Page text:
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More Nigerians to Fall Into Poverty as World Bank Predicts 100 Million Poor Nigerians by 2022

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The World Bank has said more Nigerians are expected to fall below poverty line by 2022 due to the negative impacts of COVID-19 on Africa’s largest economy.

The multilateral financial institution estimated that the number of poor people in Nigeria will rise by 10 million from around 90 million to 100 million by 2022.

World Bank disclosed this during its Nigeria Development Update virtual event, titled ‘Rising to the challenge: Nigeria’s COVID-19 response’.

Marco Hernandez, an economist with the bank, during his presentation, said prior to COVID-19 about 2 million Nigerians were expected to fall into poverty this year due to the disparity in population growth and economic growth.

He said, “With the COVID-19, the recession is likely to push an additional 6.6 million Nigerians into poverty in 2020, bringing the total newly poor to 8.6 million this year.

“This implies an increase in the total number of poor in Nigeria from about 90 million in 2020 to about 100 million in 2022. Northern states are more likely to be affected.

The bank attributed the increase in poverty number to vulnerable employment, fewer remittances and too many people close to the poverty line.

Speaking on the bank’s portfolio in Nigeria, Shubham Chaudhuri, the World Bank Country Director, said, “There are actually three different ways of looking at the size of our portfolio.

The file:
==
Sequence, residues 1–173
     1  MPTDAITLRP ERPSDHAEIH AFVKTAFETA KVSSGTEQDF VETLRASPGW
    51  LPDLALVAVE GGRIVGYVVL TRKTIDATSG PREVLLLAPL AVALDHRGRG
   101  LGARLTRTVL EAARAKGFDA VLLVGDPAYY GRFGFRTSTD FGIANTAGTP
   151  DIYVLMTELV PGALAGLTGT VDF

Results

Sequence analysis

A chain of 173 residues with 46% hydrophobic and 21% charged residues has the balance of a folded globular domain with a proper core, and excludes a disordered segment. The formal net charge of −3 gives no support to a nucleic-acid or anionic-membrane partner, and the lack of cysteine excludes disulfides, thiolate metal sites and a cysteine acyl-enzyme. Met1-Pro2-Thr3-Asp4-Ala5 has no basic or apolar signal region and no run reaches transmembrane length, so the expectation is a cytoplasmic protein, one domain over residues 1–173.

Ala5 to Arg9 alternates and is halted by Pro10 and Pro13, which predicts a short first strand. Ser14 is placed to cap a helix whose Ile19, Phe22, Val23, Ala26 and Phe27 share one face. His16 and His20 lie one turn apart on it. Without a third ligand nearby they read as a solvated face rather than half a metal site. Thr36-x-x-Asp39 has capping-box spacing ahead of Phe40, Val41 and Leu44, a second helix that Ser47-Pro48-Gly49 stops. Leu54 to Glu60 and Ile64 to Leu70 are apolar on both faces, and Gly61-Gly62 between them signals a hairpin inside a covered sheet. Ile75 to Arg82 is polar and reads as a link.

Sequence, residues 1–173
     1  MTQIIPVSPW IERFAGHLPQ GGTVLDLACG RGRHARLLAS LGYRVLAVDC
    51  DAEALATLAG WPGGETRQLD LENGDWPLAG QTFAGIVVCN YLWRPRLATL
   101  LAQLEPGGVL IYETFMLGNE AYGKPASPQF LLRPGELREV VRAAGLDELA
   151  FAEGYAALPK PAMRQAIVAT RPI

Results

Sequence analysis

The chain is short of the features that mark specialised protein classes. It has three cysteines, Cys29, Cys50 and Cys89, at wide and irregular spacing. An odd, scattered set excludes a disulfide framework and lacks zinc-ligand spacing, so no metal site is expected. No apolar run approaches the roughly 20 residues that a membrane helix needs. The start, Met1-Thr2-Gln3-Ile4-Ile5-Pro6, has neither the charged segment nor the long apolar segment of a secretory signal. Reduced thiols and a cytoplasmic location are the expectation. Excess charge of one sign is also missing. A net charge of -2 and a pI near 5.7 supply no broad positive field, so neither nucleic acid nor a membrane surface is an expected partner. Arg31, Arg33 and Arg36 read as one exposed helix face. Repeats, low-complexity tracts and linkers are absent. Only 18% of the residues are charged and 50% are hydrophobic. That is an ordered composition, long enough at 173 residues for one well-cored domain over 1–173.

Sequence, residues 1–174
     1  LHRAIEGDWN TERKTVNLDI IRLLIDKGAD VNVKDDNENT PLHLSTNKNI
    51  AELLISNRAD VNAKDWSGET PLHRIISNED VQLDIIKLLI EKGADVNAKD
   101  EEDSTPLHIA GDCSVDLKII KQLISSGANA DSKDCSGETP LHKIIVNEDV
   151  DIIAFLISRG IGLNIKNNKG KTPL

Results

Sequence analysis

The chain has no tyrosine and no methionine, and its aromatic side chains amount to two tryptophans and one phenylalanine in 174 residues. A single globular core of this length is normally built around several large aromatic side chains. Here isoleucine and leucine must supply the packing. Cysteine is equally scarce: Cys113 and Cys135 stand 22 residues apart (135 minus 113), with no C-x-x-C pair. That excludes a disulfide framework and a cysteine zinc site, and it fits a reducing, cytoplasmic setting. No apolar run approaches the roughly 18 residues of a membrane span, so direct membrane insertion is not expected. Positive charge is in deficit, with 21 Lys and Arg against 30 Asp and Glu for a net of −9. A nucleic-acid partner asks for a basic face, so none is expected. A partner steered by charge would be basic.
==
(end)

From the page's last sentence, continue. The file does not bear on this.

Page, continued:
The first is how much concessional finance. If you look at how much our board has approved in terms of this financing, at the middle of 2018, is about $7bn.”

He added, “Since then and up till now, they’ve approved another $3bn in terms of financing. So, that brings us to $10bn and then with the $1.5bn that’s being considered in December, it will take it to somewhere around $11.5bn. That’s what the board has approved.

CEO/Founder Investors King Ltd, a foreign exchange research analyst, contributing author on New York-based Talk Markets and Investing.com, with over a decade experience in the global financial markets.

Economy

Buhari to Spend N729 Billion on 24.3 Million Poor Nigerians

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Group of People Waving Flag of Nigeria in Back Lit

Buhari to Spend N729 Billion on 24.3 Million Poor Nigerians

President Buhari is working on spending N729 billion on 24.3 million poor Nigerians despite the present economic recession, weak industries and zero new job creation.

Sadiya Farouq, the Minister of Humanitarian Affairs, Disaster Management and Social Development, disclosed this during the inauguration of the Federal Government’s emergency intervention database for the urban poor.

In a statement released by Nneka Anibeze, the Minister’s Aide, the financial intervention would help cushion the impact of the COVID-19 pandemic on identified people.

According to the Minister, the Federal Government would disburse N5,000 each to 24.3 million poor and vulnerable Nigerians for a period of six months. A total of N729 billion.